top of page

What’s Really In a WHIMZEES?

Updated: Jul 9, 2022

The "What's Really In The Bag" series is in no way, shape, or form meant to bash any brand or owner. This empowers you with the information needed to make the best decision for you and your pets! While a fresh food diet is always favorable, it is understandable that not everyone can feed 100% raw. But by knowing what you are feeding and continuously doing better, you are taking active steps in the right direction.

Rather than a food, today we will be analyzing a popular dental chew, Whimzees. As always, the first 5 ingredients will be featured below alongside notable other ingredients.


Potato Starch, Glycerin, Powdered Cellulose, Lecithin, Dried Yeast, Malt Extract, Sweet Lupin Meal, Alfalfa Extract, Paprika Extract.

[1] Potato Starch

Potato starch is extracted from potatoes. It is a binding ingredient for the chew and the main ingredient in the plant-based treat. This ingredient is entirely made of carbohydrates and offers no additional nutrients. Whimzees state that potato starch is a "great source of energy." Yes, carbohydrates are an excellent energy source, but it does not conclude that it is the most suitable source. A study funded by the WALTHAM Centre for Pet Nutrition, part of Mars Petcare, found that the dogs studied regulated their intake of macronutrients to primarily fat versus carbs.

Potatoes have a high starch content and may be suitable for omnivores, but as facultative carnivores with no requirements for carbohydrates, starchy carbohydrates are an unnecessary addition. While dogs may be able to digest starch, it does not imply they will thrive on a high-starch diet long-term.

*While dogs have no requirements for carbohydrates, adding high-quality carbohydrates can be beneficial, such as fruits & veggies.

[2] Glycerin

Glycerin is a humectant often added to achieve a chewy texture, keep the treat moist and avoid spoilage. It is a by-product of soap and biodiesel production. Dutch researcher Anton. C Beynen wrote, “Practical feeding of glycerol-containing pet foods has apparently not yielded observations that point to negative effects on canine and feline health. However, for long-term, practical intake levels of purified and crude glycerol, the current research data cannot exclude health risks. Perhaps, the ingestion of glycerol added in complete, semi-moist food can overwhelm catabolic capacity in puppies and cats, having as yet unknown clinical correlations.” The purity of marketplace glycerol is questionable, according to Beynen.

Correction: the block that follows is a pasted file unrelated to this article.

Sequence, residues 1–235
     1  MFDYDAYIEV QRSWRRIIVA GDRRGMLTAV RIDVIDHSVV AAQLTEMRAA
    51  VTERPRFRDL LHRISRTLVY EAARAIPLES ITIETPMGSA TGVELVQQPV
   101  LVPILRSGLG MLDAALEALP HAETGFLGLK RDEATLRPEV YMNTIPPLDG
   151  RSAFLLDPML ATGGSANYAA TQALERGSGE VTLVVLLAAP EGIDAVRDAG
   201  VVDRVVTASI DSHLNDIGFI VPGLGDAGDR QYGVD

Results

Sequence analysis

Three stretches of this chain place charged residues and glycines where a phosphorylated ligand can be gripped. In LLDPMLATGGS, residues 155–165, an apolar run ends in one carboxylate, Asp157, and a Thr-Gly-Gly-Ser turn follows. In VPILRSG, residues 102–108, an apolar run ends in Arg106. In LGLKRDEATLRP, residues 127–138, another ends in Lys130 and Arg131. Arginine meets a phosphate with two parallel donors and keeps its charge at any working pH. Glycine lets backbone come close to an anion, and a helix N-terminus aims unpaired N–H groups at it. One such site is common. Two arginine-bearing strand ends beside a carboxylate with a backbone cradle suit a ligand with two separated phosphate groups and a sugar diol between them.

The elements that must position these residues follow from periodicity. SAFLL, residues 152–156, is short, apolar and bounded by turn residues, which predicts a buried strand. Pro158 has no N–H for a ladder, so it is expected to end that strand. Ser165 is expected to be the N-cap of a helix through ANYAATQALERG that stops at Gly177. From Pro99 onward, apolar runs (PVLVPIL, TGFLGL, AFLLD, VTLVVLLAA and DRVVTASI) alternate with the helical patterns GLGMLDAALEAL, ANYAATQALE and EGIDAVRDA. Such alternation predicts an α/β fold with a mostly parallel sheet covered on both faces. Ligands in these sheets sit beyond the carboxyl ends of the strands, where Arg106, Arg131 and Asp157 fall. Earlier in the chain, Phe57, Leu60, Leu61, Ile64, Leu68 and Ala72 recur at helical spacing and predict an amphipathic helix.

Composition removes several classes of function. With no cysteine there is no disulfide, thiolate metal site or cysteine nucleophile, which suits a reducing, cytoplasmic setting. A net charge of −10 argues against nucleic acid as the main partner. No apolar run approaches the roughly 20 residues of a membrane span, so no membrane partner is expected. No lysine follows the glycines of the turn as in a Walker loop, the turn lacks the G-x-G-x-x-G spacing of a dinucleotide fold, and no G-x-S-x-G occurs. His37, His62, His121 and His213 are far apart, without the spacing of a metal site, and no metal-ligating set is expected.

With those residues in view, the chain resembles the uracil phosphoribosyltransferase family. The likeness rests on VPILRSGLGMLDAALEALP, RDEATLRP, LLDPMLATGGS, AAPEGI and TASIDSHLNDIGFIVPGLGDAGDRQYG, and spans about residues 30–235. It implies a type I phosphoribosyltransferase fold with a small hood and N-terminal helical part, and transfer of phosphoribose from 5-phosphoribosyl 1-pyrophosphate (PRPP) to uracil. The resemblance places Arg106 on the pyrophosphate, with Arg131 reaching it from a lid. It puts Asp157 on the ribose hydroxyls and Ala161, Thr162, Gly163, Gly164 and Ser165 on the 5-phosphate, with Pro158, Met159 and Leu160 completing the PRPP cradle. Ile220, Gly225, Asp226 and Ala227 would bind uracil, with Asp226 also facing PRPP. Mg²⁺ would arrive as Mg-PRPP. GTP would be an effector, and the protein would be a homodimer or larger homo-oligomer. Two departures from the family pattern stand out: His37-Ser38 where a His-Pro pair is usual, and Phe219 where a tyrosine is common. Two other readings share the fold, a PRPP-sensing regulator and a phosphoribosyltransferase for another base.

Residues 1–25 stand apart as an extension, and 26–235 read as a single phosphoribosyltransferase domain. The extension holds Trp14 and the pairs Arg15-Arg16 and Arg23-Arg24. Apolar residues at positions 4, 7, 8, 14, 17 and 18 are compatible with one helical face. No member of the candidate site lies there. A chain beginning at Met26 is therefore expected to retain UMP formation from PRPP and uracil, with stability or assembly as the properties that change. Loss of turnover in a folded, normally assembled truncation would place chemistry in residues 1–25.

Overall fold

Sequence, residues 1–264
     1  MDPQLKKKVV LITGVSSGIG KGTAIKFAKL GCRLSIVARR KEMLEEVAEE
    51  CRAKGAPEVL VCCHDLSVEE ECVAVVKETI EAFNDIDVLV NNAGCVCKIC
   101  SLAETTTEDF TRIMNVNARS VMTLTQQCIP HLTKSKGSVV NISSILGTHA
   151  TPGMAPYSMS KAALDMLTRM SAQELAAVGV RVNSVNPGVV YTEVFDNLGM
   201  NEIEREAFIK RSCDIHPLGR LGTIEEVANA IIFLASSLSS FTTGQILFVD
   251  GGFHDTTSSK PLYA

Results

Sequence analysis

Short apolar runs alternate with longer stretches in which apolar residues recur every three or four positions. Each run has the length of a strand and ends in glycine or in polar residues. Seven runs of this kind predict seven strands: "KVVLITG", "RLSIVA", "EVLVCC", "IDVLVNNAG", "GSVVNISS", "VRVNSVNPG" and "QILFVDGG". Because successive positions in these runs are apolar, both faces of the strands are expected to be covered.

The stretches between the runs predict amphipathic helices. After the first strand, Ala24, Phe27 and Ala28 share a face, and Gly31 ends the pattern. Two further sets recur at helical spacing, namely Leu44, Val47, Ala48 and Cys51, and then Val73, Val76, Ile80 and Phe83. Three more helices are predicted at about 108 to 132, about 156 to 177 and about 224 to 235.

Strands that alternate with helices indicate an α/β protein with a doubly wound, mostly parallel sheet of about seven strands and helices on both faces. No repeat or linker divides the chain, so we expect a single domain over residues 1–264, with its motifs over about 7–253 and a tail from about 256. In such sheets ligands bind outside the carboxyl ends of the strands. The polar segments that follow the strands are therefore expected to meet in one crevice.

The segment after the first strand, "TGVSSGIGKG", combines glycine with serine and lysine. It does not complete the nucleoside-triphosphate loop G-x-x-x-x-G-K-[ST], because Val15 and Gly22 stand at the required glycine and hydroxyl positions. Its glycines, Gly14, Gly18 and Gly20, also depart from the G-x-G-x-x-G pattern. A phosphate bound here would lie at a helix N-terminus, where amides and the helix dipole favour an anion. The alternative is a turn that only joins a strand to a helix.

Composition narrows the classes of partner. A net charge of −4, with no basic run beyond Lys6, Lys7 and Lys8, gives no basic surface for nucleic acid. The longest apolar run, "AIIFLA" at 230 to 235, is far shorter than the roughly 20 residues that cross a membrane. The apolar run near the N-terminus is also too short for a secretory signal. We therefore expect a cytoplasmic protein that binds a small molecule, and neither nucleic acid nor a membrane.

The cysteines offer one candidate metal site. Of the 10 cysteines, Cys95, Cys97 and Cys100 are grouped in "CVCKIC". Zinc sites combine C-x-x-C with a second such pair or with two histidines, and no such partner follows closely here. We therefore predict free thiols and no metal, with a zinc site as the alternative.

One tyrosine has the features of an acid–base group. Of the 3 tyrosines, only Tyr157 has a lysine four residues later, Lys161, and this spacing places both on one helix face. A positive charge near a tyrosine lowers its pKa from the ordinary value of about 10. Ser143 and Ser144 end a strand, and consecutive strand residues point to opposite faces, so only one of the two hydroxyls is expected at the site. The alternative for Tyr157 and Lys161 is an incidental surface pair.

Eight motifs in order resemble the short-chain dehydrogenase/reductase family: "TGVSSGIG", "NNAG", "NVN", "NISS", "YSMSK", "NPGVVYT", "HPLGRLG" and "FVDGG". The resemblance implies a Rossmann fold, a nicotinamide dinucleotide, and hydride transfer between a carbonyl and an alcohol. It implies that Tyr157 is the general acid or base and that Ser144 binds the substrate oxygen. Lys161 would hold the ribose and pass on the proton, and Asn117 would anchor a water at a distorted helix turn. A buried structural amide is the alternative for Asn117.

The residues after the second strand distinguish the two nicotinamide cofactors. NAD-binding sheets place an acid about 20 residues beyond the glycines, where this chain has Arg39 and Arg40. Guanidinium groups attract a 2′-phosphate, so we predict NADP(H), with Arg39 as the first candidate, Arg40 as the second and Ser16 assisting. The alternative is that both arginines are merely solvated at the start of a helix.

[3] Powdered Cellulose

Powdered cellulose is a fiber source derived from processing raw plant fiber (usually wood) to separate the cellulose. Cellulose is used in many human and pet products as it is cheap. It’s even used in parmesan cheese at up to 8% cellulose. While it is safe to consume, it offers no nutritional value. According to the FDA, cellulose can be used as an “emulsifier, film former, protective colloid, stabilizer, suspending agent, thickener in food, or binder in dietary supplements.” There has been no report of side effects apart from it having a laxative effect when consumed in large portions as its fiber.

[4] Lecithin

Lecithin is classified as an emulsifier sourced from a mixture of fats, primarily from soybeans, sunflowers, and eggs. Lecithin is a vital factor for the outer surface of body cells. The dog’s liver synthesizes enough lecithin; therefore, it is not an essential nutrient. While there have been several human trials and the benefits of lecithin, dog trials have yet to be conducted. As soy lecithin is the most commonly used, it could be a high sensitivity rate food as soy is a frequent perpetrator.

[5] Dried Yeast

It seems as if “dried yeast” is referring to Baker’s Yeast, though it is unspecified. However, assuming it is Baker’s Yeast, it would be ill-suited for any yeasty dogs as it will aggravate the situation. While it is high in B-vitamins, nutritional yeast is much more logical as it does not interfere with yeasty pets as its inactive.

Other Ingredients

  • Malt Extract: Sweet, sourced from barley, works as a preservative, adds taste, and primarily carbohydrates. Most likely for coloring (brown).

  • Sweet Lupin Meal: Derived from lupin beans

  • Alfalfa Extract: An herbal supplement with an array of health benefits, but the effects are questionable this far down the ingredients list. Most likely for the green coloring (green).

  • Paprika Extract: Most likely for coloring (red).

This chew is VOHC accepted, but I would argue the only reason behind the reduction of plaque and tartar is due to the product encouraging thorough chewing (versus the ingredients), which kibble or canned-fed dogs do not often do. Kibble-fed dogs mostly swallow their food whole, or the kibble initiates contact with only the tip of the tooth as it shatters or crumbles. While this product may encourage mechanical cleansing, there are better alternatives such as bully sticks, dehydrated tendons, ears, and raw meaty bones (RMBs), which are all single-ingredient chews that will be much more stimulating and scrumptious.

Whether fresh-fed or kibble-fed, diet alone cannot replace regular and consistent dental care. Although fresh-fed dogs often report significantly better dental hygiene, the occurrence of plaque and tartar is still possible. Thus, a proper dental regime focusing on multiple aspects is the best way to create pearly whites. Moreover, while the appeal for a cute dental chew is there, a closer inspection reveals that it may not be the best option.

bottom of page